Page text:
Operation: Hospitals

From developing intensive care equipment to tackling supplies of PPE and oxygen, here's how a group of Cambridge researchers gloved up, refocused and partnered with local hospitals during COVID-19.

Three new films tell the story.

Gloved hands

“The COVID-19 pandemic represented one of the greatest public health challenges of our time and had a huge impact on the NHS. We had to completely rethink how we did things and so it was hugely valuable to work with the IfM, which – in bringing in different perspectives and the skills – helped us to solve those problems.”

Dr Ewen Cameron, Executive Director of Improvement from Cambridge University Hospitals NHS Foundation Trust

At the outset of the COVID-19 crisis in 2020, hospitals across the UK needed rapidly accessible and innovative solutions to support the emerging operational challenges.

In Cambridge, the Institute for Manufacturing (IfM) had been working on research in healthcare for over 30 years. This meant the researchers could respond quickly to the new challenges using past experience, mobilising students, staff and healthcare contacts across the city.

Working with Cambridge University Hospitals (CUH) NHS Foundation Trust, which runs Addenbrooke's Hospital, and Royal Papworth Hospital NHS Foundation Trust, IfM was able to help the local hospitals make the best use of their resources by improving logistics and delivery of PPE, as well as by developing intensive care unit equipment.

As a result of the success of this work, a joint Cambridge University Hospitals Trust (CUH)–IfM panel has been launched so that local hospitals and researchers can continue working together for mutual benefit.

A new ventilator sharing device

The sheer number of patients admitted to hospital at any given time during the pandemic meant that ventilators could end up being in short supply. Working with anaesthetists at Royal Papworth Hospital and the Cambridge Design Partnership, researchers devised a compact, portable system to enable a single ventilator to be shared between two patients safely. This involved the accelerated design, prototyping and in-hospital testing of the system in just four weeks.

“Working on the ventilator sharing device really showed that where there is a shared passion to deliver a project – and you've got the collaborative partnerships – you can do it really quickly.”

Professor Ronan Daly, IfM

Logistics at a time of crisis

Students and staff at IfM joined forces with clinicians and estate management staff at CUH to tackle logistics brought to crisis point by the pandemic. The team applied industrial engineering approaches to model in-hospital patient flows, redesign COVID-19 testing procedures, and manage oxygen supplies and PPE donations to the wards.

“While you cannot fully compare a hospital with a factory, there are important similarities... [we knew] our training as engineers could be of help.”

Kaya Dreesbeimdiek, PhD student, IfM

Managing oxygen supply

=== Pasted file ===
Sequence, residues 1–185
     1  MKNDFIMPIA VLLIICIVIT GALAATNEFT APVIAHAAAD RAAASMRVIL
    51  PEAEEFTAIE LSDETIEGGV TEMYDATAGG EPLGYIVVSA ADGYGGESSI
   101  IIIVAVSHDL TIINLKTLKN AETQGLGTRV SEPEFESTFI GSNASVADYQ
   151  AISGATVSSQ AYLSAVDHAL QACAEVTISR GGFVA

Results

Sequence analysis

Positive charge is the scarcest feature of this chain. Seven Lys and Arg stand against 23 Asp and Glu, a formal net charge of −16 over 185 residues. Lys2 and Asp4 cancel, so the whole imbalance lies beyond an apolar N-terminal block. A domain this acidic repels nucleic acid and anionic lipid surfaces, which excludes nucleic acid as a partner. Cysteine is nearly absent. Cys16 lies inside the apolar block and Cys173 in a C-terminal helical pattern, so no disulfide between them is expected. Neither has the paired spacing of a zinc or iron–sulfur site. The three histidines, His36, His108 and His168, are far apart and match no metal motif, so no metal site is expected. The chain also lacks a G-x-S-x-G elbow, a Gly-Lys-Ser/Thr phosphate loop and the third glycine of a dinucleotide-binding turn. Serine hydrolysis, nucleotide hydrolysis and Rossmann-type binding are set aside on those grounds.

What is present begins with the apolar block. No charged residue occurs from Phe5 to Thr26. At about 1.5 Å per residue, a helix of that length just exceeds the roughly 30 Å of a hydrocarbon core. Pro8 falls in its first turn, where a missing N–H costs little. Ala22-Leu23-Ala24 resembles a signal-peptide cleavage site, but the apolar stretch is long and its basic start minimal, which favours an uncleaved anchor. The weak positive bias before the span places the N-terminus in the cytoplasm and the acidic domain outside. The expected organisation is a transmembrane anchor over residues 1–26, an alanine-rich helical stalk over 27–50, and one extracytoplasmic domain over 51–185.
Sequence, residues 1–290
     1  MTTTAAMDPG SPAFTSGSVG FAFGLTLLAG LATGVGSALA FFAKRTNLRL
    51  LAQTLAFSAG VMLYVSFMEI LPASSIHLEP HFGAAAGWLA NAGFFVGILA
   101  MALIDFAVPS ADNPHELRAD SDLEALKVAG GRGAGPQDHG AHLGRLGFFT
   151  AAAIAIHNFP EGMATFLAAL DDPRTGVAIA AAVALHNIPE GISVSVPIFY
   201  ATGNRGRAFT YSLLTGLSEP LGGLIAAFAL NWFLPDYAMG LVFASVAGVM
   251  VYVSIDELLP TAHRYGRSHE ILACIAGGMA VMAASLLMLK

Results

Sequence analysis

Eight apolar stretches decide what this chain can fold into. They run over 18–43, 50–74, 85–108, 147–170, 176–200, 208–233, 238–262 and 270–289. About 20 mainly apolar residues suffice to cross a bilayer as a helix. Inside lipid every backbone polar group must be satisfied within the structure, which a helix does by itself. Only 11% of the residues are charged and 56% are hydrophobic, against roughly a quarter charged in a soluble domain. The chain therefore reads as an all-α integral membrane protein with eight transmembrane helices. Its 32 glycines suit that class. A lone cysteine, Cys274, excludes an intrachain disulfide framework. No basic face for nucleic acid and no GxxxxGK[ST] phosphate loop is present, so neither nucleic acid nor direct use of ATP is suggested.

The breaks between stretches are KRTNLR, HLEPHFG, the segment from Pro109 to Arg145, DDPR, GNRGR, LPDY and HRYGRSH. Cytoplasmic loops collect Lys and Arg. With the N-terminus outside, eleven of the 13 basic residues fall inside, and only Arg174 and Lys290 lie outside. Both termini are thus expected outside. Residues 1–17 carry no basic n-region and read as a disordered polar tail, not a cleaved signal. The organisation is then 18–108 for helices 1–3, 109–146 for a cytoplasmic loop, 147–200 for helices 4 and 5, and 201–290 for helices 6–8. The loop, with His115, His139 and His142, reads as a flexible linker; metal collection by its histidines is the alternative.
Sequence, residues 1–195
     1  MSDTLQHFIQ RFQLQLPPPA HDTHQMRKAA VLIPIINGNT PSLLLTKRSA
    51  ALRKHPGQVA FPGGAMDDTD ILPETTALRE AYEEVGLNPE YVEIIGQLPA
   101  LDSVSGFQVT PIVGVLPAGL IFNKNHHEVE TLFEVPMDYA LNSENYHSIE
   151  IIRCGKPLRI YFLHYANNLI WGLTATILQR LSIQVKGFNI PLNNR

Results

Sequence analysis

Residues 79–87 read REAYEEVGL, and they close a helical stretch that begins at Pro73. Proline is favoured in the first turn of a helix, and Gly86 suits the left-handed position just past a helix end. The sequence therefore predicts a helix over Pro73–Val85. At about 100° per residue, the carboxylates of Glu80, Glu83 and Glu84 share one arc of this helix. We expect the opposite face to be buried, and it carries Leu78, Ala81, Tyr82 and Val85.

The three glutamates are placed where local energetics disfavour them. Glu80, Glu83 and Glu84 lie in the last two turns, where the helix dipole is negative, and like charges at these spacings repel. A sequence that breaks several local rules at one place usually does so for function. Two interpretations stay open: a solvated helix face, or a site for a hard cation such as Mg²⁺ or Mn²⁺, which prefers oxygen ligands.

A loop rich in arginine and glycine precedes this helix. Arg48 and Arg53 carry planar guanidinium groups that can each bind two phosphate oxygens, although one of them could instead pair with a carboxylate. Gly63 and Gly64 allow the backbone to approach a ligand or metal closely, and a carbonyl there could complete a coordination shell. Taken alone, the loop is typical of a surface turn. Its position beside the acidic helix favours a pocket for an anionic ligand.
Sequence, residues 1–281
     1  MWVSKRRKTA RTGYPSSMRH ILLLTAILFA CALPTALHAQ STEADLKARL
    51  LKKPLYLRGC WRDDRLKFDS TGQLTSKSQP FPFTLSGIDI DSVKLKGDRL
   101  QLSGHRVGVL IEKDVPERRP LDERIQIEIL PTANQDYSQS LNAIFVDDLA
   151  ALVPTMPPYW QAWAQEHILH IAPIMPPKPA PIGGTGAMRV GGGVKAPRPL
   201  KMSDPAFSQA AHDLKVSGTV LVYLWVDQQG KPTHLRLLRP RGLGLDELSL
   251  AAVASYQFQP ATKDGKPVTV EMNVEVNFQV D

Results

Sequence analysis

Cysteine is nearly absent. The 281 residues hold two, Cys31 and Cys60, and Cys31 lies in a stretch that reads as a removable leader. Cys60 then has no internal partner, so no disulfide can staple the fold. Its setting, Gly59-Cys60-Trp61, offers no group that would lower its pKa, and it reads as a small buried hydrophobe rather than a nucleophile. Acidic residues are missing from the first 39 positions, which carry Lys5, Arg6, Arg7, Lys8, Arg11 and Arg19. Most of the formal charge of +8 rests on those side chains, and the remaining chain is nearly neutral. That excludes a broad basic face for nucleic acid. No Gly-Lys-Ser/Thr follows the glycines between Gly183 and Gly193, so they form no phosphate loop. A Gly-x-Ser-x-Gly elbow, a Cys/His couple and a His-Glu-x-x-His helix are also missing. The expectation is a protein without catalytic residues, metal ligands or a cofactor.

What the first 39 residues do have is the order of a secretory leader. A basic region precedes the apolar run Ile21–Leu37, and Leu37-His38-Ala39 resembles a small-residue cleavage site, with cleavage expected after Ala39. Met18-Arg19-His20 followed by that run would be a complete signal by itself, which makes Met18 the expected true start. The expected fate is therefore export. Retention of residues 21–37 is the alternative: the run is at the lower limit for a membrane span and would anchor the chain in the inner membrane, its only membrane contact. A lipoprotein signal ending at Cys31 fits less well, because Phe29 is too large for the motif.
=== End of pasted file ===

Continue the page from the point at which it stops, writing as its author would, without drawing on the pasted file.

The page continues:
As the number of patients needing an oxygen supply increased at the start of the pandemic, it was important for the hospital to be able to assess and manage supply risks. A team involving IfM graduate students unable to return home during the pandemic looked at oxygen flow through the local hospital by examining pipes and their layout, analysing usage by ventilator type and patient need, and modelling supply and demand.

“In terms of planning for future pandemics and emergencies, we are [now] in a much stronger and more robust place in terms of our understanding of our oxygen infrastructure.”

Ian Jackson, Estates and Facilities Management, Cambridge University Hospitals NHS Foundation Trust


IfM was recognised by the Royal Academy of Engineering for its work during the COVID-19 pandemic with the President’s Special Award for Pandemic Service in 2020 – one of two Cambridge teams to be among the 19 winners.

IfM staff and students also received 31 ‘Covid Stars’ awarded by CUH to recognise professionalism, dedication, courage and overwhelming kindness during the pandemic.

IfM staff and students receiving Stars awarded by Cambridge University Hospitals

IfM staff and students receiving Stars awarded by CUH

IfM staff and students receiving Stars awarded by CUH

IfM was also named the winner of the special COVID-19 Response Award at the 2021 Cambridge Independent Science and Technology Awards.

“It is wonderful to have this opportunity to tell some of these stories and show the extraordinary effort involved from staff and students from across the IfM, Addenbrooke’s and Papworth hospitals. Most importantly, this is not the end. Our partnership will continue as we explore innovative ways to solve some of the pressing healthcare challenges of our time.”

Professor Tim Minshall, Head of IfM

Published 13 December 2022

Written by Elizabeth Tofaris
Design by Louise Walsh

Banner photo by Shannon Fagan/Getty images
The text in this work is licensed under a Creative Commons Attribution 4.0 International License